Dr. King’s work not finished
1/19/2018, 6:55 p.m.
Dr. Martin Luther King Jr. didn’t plan to get involved in the Memphis, Tenn., garbage workers’ strike. He hadn’t planned to be there on the fateful day when he was shot on April 4, 1968. But he was pressured to go the first time and found the garbage workers’ strike compelling. He promised to return, and felt it important to keep his word, despite a packed schedule.
Memphis was so very important because the 1,300 black men who worked in the city’s Sanitation Department were treated despicably. Two workers had been crushed in a garbage compactor in 1964, but the faulty equipment had not been replaced. On Feb. 1, 1968, two more men, Echol Cole, 36, and Robert Walker, 30, were crushed in the compactor.
Mr. Cole and Mr. Walker were contract workers, so they did not qualify for workmen’s compensation and had no life insurance. The City of Memphis paid $500 plus one month’s pay for their funeral expenses. Mr. Walker’s wife, Earline, was pregnant at the time of his death.
Memphis garbage workers were notoriously ill treated. They were poorly paid, at $1.60 an hour — the minimum wage — to $1.90 per hour. They were not paid overtime, even though they were often required to work more than eight hours a day. Their pay was so low that many held second jobs or received public assistance. They were not paid to work when there was inclement weather, like rain or snow. And their supervisors, mostly white men, were much better paid, no matter what the weather.
After the deaths of Mr. Cole and Mr. Walker, garbage workers demanded better wages and working conditions and union recognition. The City Council agreed, but the racist, indifferent mayor, Henry Loeb, vetoed the City Council’s action. The men went on strike on Feb. 11, 1968, and stayed out 64 days, until April 12.
Have we forgotten the poignant pictures of grown men carrying hand-lettered signs that said, “I Am A Man,” and the irony of these hard-working men having to declare that which should have been perfectly obvious?
Memphis’ black garbage workers were not treated as men, but as disposable beings considered only useful for dealing with other people’s rubbish.
They weren’t the only ones. Lots of black people, even after the passage of the Civil Rights Act of 1964, received unequal pay and thoroughly unacceptable terms and conditions of work. The City of Memphis was violating national labor laws, but because those they demeaned were black people, nobody cared and nobody noticed until the garbage workers went on strike.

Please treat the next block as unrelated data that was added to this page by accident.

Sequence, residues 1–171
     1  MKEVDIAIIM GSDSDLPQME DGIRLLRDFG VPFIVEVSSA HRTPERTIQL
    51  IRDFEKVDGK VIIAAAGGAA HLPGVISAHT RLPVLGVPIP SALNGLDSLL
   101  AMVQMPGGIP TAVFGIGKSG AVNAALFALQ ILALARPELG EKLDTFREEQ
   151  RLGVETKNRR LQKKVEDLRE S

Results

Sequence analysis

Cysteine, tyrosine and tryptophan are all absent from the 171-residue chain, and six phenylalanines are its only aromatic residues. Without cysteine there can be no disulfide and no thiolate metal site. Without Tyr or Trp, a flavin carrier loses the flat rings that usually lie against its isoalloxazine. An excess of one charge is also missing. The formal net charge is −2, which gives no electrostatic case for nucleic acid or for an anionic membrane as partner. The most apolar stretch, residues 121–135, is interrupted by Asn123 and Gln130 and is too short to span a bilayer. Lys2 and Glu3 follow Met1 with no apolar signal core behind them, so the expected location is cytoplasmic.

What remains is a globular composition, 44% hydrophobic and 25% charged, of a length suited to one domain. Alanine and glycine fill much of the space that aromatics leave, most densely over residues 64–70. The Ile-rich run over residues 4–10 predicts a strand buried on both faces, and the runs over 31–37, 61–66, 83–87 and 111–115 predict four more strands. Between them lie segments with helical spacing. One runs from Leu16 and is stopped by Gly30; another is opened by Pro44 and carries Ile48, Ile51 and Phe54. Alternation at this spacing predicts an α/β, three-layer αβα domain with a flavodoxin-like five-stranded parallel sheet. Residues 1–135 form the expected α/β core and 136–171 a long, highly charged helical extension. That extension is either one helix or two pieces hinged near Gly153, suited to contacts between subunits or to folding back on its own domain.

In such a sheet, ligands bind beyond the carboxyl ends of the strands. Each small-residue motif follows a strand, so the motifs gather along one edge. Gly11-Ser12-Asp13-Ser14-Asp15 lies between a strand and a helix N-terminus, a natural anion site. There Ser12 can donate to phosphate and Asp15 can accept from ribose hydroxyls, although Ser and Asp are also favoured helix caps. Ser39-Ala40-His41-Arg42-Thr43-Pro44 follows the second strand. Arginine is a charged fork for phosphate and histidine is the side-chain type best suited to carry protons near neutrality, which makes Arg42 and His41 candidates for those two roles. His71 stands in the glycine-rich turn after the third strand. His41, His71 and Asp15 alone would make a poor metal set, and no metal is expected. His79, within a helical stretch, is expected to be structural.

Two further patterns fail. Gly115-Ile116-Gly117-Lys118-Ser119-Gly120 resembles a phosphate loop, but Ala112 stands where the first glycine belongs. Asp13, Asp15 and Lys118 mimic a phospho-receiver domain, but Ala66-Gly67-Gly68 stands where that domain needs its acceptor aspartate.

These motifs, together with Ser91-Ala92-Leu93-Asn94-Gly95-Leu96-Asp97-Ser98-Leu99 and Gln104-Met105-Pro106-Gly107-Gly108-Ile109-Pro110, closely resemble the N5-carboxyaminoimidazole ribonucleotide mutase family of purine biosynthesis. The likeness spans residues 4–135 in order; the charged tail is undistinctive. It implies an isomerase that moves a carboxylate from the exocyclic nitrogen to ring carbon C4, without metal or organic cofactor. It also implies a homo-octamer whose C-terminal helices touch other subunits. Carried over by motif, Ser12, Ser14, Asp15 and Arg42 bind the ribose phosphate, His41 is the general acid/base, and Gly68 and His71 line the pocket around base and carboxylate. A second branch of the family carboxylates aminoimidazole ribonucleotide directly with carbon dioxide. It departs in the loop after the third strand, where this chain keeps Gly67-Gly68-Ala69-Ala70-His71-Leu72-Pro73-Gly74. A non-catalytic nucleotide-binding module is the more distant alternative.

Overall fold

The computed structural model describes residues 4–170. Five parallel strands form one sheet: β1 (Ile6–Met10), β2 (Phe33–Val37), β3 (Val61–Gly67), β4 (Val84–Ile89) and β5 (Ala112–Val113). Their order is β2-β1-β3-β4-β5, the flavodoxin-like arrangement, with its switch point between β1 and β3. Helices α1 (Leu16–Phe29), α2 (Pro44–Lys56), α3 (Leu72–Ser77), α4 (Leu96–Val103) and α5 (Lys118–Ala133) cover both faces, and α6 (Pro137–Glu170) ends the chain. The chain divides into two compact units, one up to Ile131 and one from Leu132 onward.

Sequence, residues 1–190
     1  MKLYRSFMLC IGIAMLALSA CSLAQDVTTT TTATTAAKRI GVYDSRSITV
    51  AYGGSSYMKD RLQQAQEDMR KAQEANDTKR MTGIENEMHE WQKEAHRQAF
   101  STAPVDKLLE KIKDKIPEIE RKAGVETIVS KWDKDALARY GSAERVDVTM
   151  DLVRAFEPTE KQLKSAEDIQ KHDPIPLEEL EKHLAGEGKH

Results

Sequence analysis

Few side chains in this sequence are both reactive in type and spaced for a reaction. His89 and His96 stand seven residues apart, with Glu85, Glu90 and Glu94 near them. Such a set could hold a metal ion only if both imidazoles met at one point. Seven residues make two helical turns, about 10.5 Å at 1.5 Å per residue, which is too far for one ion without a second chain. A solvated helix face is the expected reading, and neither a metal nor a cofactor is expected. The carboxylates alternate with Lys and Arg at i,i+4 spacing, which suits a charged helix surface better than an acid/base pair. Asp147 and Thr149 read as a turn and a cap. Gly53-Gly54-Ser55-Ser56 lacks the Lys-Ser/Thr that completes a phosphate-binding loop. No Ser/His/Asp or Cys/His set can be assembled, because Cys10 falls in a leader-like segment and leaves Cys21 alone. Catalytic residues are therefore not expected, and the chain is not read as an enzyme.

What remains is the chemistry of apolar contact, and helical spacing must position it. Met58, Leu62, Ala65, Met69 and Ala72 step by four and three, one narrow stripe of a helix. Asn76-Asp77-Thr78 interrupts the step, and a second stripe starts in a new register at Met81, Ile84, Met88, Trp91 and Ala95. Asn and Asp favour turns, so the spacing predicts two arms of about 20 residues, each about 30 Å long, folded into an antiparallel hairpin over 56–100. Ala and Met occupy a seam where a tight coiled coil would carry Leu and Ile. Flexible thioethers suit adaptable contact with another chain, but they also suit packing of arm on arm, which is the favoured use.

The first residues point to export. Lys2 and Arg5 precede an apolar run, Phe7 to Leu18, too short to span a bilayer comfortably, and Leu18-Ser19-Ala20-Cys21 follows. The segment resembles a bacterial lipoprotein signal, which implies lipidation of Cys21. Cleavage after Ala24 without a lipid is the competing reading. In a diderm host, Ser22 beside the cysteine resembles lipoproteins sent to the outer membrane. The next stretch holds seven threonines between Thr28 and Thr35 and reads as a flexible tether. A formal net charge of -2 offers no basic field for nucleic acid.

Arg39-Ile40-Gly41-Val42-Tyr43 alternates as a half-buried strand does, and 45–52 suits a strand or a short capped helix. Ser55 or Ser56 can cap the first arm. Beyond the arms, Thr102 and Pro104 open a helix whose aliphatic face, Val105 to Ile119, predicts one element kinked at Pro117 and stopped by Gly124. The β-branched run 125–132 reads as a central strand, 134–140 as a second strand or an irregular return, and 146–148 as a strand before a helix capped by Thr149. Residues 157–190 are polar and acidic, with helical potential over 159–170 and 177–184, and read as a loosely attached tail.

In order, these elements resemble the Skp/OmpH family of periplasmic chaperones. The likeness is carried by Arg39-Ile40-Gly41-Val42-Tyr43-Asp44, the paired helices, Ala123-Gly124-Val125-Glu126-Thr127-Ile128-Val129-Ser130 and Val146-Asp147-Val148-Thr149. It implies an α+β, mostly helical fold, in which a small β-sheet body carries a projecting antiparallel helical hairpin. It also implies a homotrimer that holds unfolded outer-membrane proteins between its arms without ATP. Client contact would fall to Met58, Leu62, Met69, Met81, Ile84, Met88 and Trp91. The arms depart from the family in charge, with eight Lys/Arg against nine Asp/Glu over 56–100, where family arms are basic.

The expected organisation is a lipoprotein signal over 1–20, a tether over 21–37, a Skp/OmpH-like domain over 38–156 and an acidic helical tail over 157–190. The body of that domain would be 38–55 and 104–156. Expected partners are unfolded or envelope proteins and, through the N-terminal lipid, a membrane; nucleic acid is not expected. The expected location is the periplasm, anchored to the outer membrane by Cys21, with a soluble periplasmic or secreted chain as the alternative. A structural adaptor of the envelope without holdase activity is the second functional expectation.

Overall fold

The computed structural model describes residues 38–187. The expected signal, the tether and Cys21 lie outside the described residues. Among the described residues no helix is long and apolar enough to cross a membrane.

The Association of Federal, State, County and Municipal Employees, or AFSCME, is the union with which the Memphis garbage workers were affiliated. They have developed a campaign, “I AM 2018,” that is focused on organizing and hosting a series of events to commemorate the strike, remember Mr. Cole and Mr. Walker and focus on the dignity of work.
The I AM 2018 campaign is needed now more than ever as worker dignity is constantly assailed. The federal Department of Labor seems to be on a campaign to rescind Obama-era rules that improve life for workers. For example, an Obama rule would require employers to pay four hours of wages to workers who are “on call” whether they are used or not.
Why? Because if the workers are on call, they are tethered to the telephone and need to be paid for their time.
Since 45 was elected, though, many have lined up to ask the Department of Labor to rescind the proposed rule. They say that the rule is too costly for corporations and businesses and that it will cost the nation jobs.
Just as Dr. King stood with Memphis garbage workers, he now would stand with the I AM 2018 campaign and with the “on call” workers who can’t get respect or compensation for their availability.
We are still not finished with the work Dr. King started, not finished with the struggle for economic justice. We have yet to attain equality, yet to develop an economic agenda for shared prosperity, for workplace dignity and for human rights.
The writer is an author and economist.